Monthly Archives: August 2010

Antiquarian News is Not an Oxymoron

AAS Fellow

Many of us begin a new academic or fiscal year this week.  In the spirit of new beginnings and renewed vows of organization, AAS has added an RSS feed to our website.  Those who have visited the AAS website recently have no doubt noticed how much content has been added, events promoted, books published, etc.  ...

The Mince Meat Throwdown, Part II

The Mince Meat Throwdown was a success!  Unlike the chowder made from Mrs. Bliss’ cookbook, the mince pie actually held its own as a main course.  The recipe could have easily worked as a dessert pie, being as sweet as it was.  Even though there was beef in the pie, it certainly didn’t taste like ...

The Acquisitions Table: Amateur Newspapers in Chicago

Amateur city directory. Chicago: Warner Bros., 1876. This rare pamphlet chronicles Chicago’s amateur press community as of 1876. Its publisher was 15-year-old Frank Dudley Warner, editor of the recently established Amateur Monthly—one of a burgeoning number of amateur newspapers then being published nationwide by hobbyists on table-top presses. Included is a directory of nearly a hundred ...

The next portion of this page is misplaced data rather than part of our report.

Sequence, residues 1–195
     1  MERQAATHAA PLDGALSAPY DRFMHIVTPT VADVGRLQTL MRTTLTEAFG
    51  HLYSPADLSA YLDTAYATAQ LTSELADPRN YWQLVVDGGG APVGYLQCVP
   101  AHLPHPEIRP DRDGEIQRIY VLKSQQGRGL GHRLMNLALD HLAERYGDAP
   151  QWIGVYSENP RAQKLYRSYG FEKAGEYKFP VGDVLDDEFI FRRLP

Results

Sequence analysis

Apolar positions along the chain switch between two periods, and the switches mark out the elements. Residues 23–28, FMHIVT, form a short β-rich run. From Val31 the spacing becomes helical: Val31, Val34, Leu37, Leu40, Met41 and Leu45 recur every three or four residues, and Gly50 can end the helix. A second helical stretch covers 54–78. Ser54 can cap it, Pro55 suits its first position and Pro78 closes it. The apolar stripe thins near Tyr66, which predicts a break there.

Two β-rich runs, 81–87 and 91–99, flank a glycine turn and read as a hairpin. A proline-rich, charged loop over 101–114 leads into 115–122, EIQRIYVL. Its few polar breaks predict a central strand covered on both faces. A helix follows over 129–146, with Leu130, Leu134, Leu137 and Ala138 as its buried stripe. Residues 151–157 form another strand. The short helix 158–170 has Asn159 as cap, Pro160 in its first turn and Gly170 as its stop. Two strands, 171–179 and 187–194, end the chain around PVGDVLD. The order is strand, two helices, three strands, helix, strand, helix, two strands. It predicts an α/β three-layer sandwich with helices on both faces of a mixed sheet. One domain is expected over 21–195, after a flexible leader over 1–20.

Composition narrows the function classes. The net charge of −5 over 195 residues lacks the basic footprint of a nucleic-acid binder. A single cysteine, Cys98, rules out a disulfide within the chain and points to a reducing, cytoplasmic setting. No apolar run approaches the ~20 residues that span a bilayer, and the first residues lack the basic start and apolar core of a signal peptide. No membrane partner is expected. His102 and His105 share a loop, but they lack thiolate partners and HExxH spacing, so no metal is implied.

Have You Seen This Woman?

The following conundrum for Past is Present readers comes from AAS reader Mary Fissell. I’m writing a book about Aristotle's Masterpiece, and have just spent a couple of very productive and happy weeks working with the AAS’s collection of 50+ editions. This book, neither by Aristotle, nor a masterpiece, is one of the longest-running popular medical ...

The Acquisitions Table: Fate of the Rebel Flag

Fate of the Rebel Flag. Painted by William Bauly, lithographed by Sarony, Major & Knapp. New York: William Schaus, 1861). Due to the approaching 150th anniversary of the American Civil War, several examples from AAS’s holdings of war images and broadsides will appear in loan exhibitions and as reproductions in upcoming publications. This chromolithograph from a ...

Henry David Thoreau meets Cotton Mather at the Antiquarian Society

The following post comes to us from AAS reader Peter MacInerney. Early in January 1855, a Concord-based free-lance writer, occasional surveyor, and sometime lecturer, visited the American Antiquarian Society at its then-new building.  This second Antiquarian Hall had been completed little more than one year before, after the Society outgrew its original building. The visitor recounted ...

Everyone Loves a Wedding

With all of the media buzz around the recent nuptials of Chelsea Clinton, I thought of another presidential wedding: the marriage of Nellie Grant to English aristocrat Algernon Sartoris in 1874. Eighteen year-old Nellie Grant was the only daughter of Ulysses S. and Julia Grant.  She met Sartoris, the son of the famous singer Adelaide Kemble (sister of Fanny) ...